It is in the last few years since the emergence of optical amplifiers that the long-distance optical soliton communication system has come to particular attention as a communication system which has the potential for dramatically increasing the transmission capacity of optical communication systems. The optical soliton communication system, which stably transmits optical pulses without changing their waveforms intensities, is predicated on the assumption that the transmission medium used produces no transmission or propagation loss, but since ordinary optical fibers cause such a loss, the light intensity attenuates with increase of transmission distance so that and the nonlinear optical effect lessens and loses its balance with the wavelength dispersion effect. Hence, to implement apparently loss-free fiber optic transmission while maintaining the light intensity at some value, it is necessary that any loss by optical fibers be compensated for by optical amplifiers. When optical amplifiers are used as repeaters, it is possible to realize soliton communication with practically no waveform variations of optical pulses as in the case of ideal soliton transmission, by setting an average power of optical pulses transmitted between adjacent repeaters and the average wavelength dispersion of optical fibers to soliton conditions.

In comparison with an optical amplification system using ordinary non-return-to-zero pulses, an optical amplification system of the type employing optical soliton pulses has advantages in the potential for extension of the transmission capacity, easy multiplexing and freedom from degradation by the nonlinearity of optical fibers, and much study is being given this system.

In the optical soliton communication, however, optical amplifier noise affects the timing jitter of optical pulses at the receiving end and eventually deteriorates the transmission characteristic of optical pulses. That is, optical soliton pulses with noise superimposed thereon undergo random fluctuations of their light intensity and slightly deviate in shape from ideal optical soliton pulses, causing fluctuations in the shift amount of the carrier frequency by the nonlinear optical effect. Since this is repeated for each repeater, each arrival time of optical pulses randomly fluctuates during their propagation in optical fibers each having a limited wavelength dispersion value, incurring the timing jitter at the receiving end. This phenomenon is called the Gordon-Haus effect, which is a major limiting factor to the transmission characteristic of the optical soliton communication.

In the transmission of a plurality of optical soliton pulses having information, the waveforms of respective soliton pulses do not deteriorate, but if the pulse interval is too short, it is observed that adjacent soliton pulses attract or repel each other by virtue of their interactions. This also constitutes the timing jitter at the receiving end, and hence is not preferable for the application to communications. To suppress the interactions of soliton pulses, it is necessary to open up the space between adjacent soliton pulses to some extent. With a view to overcome the timing jitter problem, there have been intensively studied soliton pulse control techniques for artificially reducing the timing jitter, and soliton transmission experiments have made rapid progress in the last few years. There are two approaches to controlling soliton pulses: one is to control a random frequency shift by an optical filter in the frequency domain, and the other is to directly control the timing jitter itself in the time domain.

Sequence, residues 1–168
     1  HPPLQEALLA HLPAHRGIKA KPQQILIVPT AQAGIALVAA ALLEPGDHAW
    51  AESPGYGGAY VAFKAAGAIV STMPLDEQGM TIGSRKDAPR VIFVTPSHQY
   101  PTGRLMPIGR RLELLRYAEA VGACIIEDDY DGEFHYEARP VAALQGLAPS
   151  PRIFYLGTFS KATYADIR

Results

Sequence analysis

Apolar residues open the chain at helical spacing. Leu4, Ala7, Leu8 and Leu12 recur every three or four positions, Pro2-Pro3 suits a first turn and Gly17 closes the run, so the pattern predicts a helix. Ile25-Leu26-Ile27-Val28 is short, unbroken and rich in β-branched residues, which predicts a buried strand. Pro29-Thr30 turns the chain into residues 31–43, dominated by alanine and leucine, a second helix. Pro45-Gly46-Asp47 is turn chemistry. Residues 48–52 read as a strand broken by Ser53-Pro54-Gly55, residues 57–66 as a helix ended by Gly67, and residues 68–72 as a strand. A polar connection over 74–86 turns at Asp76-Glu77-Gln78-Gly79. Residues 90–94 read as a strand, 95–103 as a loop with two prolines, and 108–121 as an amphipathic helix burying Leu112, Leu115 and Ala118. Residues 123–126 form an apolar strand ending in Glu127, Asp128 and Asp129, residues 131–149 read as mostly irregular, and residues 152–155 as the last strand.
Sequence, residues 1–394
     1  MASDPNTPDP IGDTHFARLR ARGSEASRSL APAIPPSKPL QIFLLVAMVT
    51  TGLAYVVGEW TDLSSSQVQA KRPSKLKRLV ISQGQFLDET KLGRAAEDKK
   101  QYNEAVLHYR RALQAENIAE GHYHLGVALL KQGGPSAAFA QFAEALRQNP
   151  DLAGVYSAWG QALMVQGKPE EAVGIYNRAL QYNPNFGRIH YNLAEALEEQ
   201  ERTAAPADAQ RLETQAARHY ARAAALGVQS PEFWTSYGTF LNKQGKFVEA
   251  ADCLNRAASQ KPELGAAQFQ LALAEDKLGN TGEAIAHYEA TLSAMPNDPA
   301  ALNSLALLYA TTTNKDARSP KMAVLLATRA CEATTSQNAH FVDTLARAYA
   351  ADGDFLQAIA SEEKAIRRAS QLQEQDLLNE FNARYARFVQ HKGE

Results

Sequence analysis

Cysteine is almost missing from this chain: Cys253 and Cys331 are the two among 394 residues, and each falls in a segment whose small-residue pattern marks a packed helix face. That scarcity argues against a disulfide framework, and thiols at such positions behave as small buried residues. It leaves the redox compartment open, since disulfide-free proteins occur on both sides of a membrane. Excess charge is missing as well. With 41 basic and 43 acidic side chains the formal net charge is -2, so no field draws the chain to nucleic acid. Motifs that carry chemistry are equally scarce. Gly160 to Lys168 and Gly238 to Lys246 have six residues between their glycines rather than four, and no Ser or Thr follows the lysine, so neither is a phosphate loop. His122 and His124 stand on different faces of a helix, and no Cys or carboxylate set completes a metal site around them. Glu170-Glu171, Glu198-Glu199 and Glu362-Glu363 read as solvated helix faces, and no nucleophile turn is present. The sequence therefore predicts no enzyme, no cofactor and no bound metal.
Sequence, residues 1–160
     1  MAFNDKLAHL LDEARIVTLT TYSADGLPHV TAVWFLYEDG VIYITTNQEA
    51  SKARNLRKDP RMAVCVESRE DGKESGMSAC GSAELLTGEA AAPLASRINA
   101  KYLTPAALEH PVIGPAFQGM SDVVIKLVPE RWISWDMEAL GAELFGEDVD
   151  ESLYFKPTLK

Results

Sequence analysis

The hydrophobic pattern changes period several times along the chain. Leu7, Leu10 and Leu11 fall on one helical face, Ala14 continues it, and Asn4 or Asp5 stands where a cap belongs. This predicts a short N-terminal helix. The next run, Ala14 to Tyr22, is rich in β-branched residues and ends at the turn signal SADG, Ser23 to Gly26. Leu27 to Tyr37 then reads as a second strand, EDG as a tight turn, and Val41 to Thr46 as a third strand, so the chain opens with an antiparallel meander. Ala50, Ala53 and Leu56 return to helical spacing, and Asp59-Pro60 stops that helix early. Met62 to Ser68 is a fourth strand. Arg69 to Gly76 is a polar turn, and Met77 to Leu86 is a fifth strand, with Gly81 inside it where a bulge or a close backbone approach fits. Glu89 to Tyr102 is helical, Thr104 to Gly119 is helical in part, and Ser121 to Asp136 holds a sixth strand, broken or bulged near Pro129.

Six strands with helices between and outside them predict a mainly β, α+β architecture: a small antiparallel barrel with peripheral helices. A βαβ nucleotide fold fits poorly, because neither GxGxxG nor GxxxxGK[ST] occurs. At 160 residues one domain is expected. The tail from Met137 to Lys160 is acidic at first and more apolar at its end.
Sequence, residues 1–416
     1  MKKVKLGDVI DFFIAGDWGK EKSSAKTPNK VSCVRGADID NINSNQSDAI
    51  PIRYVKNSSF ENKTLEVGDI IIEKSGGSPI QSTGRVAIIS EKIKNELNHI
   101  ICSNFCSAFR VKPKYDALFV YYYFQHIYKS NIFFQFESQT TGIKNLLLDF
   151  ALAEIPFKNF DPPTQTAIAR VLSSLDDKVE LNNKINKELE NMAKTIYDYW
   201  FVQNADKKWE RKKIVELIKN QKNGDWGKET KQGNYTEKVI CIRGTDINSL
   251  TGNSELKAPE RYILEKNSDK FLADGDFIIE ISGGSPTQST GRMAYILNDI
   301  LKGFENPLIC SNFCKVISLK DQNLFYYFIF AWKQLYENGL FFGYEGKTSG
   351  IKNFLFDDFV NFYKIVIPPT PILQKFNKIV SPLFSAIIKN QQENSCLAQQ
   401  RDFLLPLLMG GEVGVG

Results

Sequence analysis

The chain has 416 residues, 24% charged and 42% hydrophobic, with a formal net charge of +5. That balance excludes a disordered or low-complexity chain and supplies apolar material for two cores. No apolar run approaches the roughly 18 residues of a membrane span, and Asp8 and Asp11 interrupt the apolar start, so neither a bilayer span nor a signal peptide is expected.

The control in the frequency domain is effected by applying soliton pulses to a narrow optical bandpass filter provided after the optical amplifier so that the random frequency shift, which is the cause of the timing jitter, is made to approach the center frequency of the filter. This filter is commonly referred to as a frequency guiding filter since it guides in the frequency domain the soliton pulses which are likely to deviate from their center. The bandwidth of the filter is narrow, about 5 to 10 times the spectral width of the soliton pulses. In the frequency guiding with the center frequency of the filter fixed, however, noise accumulates; to avoid this, a method of slightly sliding the center frequency of the optical filter with increase of distance has also been studied and this filter is commonly called a sliding frequency guiding filter. The soliton component, which is a nonlinear wave that propagates while generating frequency chirping, responds to even a slight variation in the center frequency of the filter, but noise component which is a linear wave does not respond to a frequency shift of the filter and is gradually driven out of the band of the filter, with the result that the accumulation of noise is suppressed. The slide amount of the center frequency is around 6 GHz per 1000 km.

It is very difficult, however, to apply these narrow band optical filters to actual systems for the reasons given below. That is, the frequency of light is about 200 THz, and in the sliding frequency guiding filter, for instance, the absolute value of its center frequency needs to be shifted by 200 MHz or so (an accuracy of 0.0001% with respect to the center frequency) for each repeater. Taking into account the present technical level and similar environmental changes such as a temperature change of the actual system, precise control of such a narrow band optical filter would be almost impossible in the actual system. Taking into consideration the application of optical soliton communication to optical submarine cables, the prior art which accompanies the use of an ultra-narrow band optical filter in the repeater which is required to be highly reliable is undesirable from the practical point of view such as the long-term reliability of the system.